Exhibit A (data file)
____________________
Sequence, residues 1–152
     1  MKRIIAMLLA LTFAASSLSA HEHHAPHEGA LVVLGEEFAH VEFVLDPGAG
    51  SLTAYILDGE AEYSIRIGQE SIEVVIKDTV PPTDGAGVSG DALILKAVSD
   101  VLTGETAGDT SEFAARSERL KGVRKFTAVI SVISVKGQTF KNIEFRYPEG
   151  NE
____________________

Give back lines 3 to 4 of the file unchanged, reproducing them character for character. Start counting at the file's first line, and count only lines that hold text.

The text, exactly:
    51  SLTAYILDGE AEYSIRIGQE SIEVVIKDTV PPTDGAGVSG DALILKAVSD
   101  VLTGETAGDT SEFAARSERL KGVRKFTAVI SVISVKGQTF KNIEFRYPEG